UNAC plans protest at NATO summit

The illusions of many Americans that Obama would turn out to be an “antiwar president” were definitively shattered early last year when he sent 30,000 more troops to Afghanistan. Since that time, the Obama administration’s attempts to convince the public that the war would soon wind down have proven hollow. Instead, Washington is expanding its war effort onto a much wider front—as the daily bombing missions over Libya show clearly.

On June 27, Obama argued that he was winding down the war in Afghanistan by withdrawing up to 30,000 ground troops over the course of the next year and a half. But all the while the U.S. has been  planning to drive forward with a so-called “counter-terrorism” strategy that will put more civilians in the path of drone-fired missiles and covert special operations forces.
On June 8, Mark Mazzetti reported in The New York Times that the United States, after a halt of a year due to fallout from civilian casualties, had restarted and intensified a campaign of drone aircraft strikes in Yemen. And on July 1, Mazzetti wrote that the U.S. was expanding the drone war commanded from a base in Yemen to Somalia.
For the last several years, the U.S. efforts to prevent the establishment of a Somali government independent of the White House was primarily a proxy war, funded and directed by the U.S. but carried out by Ethiopia and Uganda. Now, the U.S. government is openly and directly engaged once again.
Counting Somalia, the U.S. is now waging at least seven wars in a nearly contiguous region involving parts of South and Central Asia, the Middle East and Northern Africa, and the Horn of Africa. And while the expansion of the drone wars is supposed to be a trade-off for the use of ground troops, news reporters revealed on July 3 that the U.S. had asked China for aid in the establishment of new and alternative supply routes to Afghanistan.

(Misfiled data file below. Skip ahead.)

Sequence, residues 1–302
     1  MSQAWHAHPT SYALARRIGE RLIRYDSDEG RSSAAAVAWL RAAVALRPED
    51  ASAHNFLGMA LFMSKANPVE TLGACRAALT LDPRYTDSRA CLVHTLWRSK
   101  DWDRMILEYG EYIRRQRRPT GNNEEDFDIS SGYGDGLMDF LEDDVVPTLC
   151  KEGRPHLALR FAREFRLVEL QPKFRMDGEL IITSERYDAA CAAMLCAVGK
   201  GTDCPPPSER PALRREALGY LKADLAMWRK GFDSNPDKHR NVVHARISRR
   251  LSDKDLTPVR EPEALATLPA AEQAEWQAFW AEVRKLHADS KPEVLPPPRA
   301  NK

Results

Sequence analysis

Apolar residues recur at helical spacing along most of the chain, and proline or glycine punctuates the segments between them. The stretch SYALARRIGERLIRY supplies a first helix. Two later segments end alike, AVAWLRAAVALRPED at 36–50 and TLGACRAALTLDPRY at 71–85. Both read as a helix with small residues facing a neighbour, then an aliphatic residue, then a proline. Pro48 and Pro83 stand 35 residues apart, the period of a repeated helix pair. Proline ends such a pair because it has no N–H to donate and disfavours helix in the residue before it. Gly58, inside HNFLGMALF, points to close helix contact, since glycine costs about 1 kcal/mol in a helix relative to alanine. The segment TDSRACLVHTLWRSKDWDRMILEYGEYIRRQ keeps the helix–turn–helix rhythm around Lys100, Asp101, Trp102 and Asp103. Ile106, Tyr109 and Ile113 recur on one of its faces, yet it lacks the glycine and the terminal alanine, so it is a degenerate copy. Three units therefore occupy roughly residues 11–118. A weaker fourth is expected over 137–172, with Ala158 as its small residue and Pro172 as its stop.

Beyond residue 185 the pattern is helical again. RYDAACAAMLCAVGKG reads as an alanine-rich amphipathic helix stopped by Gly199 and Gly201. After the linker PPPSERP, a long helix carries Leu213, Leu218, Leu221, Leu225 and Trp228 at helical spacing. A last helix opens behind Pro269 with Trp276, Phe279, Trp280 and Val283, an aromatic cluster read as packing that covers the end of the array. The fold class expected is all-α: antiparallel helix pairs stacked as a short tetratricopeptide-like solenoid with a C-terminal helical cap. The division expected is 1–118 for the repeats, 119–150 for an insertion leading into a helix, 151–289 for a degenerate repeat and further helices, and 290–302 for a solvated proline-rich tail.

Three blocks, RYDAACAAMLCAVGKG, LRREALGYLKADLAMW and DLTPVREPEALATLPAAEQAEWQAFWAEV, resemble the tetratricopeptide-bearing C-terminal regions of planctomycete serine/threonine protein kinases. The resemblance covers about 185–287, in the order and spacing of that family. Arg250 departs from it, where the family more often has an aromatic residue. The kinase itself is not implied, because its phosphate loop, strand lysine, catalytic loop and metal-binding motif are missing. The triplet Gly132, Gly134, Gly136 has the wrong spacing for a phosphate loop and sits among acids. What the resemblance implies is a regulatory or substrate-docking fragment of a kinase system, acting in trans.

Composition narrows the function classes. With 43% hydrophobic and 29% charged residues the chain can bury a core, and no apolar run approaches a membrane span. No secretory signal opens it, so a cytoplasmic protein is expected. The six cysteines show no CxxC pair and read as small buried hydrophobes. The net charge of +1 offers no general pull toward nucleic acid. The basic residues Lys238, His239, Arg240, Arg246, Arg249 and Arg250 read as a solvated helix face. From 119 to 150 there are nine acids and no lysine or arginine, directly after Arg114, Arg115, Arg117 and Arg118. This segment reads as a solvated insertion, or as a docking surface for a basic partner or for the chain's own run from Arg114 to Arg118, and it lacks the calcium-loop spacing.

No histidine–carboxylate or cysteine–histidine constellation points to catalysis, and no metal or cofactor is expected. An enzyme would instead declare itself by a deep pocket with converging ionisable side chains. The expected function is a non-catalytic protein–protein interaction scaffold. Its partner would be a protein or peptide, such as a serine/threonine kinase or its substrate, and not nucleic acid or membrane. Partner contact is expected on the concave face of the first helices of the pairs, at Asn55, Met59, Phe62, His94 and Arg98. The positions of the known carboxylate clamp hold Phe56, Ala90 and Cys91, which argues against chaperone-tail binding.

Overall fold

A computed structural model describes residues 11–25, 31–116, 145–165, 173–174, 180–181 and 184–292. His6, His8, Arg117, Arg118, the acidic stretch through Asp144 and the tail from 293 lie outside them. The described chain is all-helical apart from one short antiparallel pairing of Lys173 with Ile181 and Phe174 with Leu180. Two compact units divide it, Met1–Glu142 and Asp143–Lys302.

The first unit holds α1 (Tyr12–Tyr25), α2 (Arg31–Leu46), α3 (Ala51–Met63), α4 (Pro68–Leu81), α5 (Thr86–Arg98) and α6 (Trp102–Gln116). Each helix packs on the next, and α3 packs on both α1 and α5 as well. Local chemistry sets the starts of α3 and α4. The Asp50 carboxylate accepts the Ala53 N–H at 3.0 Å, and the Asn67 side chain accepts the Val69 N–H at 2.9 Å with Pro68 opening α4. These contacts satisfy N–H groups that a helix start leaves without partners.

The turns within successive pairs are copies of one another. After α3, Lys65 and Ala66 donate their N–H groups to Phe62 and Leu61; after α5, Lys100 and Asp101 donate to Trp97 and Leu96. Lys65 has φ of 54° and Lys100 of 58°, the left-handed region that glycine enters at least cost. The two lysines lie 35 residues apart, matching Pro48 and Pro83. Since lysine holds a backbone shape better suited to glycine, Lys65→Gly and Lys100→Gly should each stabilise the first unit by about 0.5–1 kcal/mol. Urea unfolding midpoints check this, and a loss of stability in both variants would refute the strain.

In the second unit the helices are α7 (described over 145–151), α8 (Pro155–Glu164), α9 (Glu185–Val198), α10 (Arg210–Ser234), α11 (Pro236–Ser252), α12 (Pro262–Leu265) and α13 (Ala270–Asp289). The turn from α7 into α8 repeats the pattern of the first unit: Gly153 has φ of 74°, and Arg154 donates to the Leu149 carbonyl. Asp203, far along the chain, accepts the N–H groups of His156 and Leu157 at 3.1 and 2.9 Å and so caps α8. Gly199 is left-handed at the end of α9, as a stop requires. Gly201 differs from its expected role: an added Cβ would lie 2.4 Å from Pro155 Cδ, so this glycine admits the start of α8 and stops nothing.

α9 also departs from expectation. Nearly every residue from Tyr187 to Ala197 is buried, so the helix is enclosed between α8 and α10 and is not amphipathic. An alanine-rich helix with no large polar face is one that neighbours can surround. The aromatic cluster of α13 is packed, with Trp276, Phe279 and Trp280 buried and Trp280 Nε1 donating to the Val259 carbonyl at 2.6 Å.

In response to this buildup in U.S. military attacks on the sovereignty and self-determination of the peoples of this broad area of the globe, U.S. antiwar organizations have begun to create an audacious calendar of education and protest. 
On June 18, activists gathered in New York City for a Coordinating Committee meeting of the United National Antiwar Committee. The 69 participants represented 46 organizations, including Veterans for Peace, Voices for Creative Nonviolence, the Fellowship of Reconciliation, WESPAC, Students for Justice in Palestine, the Women’s International League for Peace and Freedom, the Thomas Merton Center, the Bail Out the People Movement, the Muslim Peace Coalition, the Islamic Leadership Council of NY, Project SALAM, New England United, the Committee to Stop FBI Repression, Code Pink, Desis Rising Up and Moving, Black Agenda Report, Pakistan Solidarity Network, and others, 
One of the first acts of the Coordinating Committee was the approval of a call for emergency actions in as many cities as possible on June 27, a date marking the beginning of the second 90-day round of U.S./NATO airstrikes on Libya. The resolution said, in part, “There have now been over 10,000 air sorties carried out by NATO in this campaign. In one day last week the NATO forces carried out 157 bombing attacks, more than three times the previous national average, on Tripoli in one day. It is clear that the U.S./NATO goal in Libya has nothing to do with protecting civilians and is, in fact, the greatest danger to Libyan civilians today.”